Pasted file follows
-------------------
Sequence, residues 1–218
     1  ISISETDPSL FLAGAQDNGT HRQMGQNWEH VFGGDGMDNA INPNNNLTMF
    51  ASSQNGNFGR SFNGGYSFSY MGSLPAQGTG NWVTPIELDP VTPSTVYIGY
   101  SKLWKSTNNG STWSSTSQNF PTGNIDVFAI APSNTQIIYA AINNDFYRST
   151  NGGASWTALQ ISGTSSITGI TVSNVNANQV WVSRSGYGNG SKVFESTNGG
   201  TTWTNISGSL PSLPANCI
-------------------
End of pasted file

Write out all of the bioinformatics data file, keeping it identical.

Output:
Sequence, residues 1–218
     1  ISISETDPSL FLAGAQDNGT HRQMGQNWEH VFGGDGMDNA INPNNNLTMF
    51  ASSQNGNFGR SFNGGYSFSY MGSLPAQGTG NWVTPIELDP VTPSTVYIGY
   101  SKLWKSTNNG STWSSTSQNF PTGNIDVFAI APSNTQIIYA AINNDFYRST
   151  NGGASWTALQ ISGTSSITGI TVSNVNANQV WVSRSGYGNG SKVFESTNGG
   201  TTWTNISGSL PSLPANCI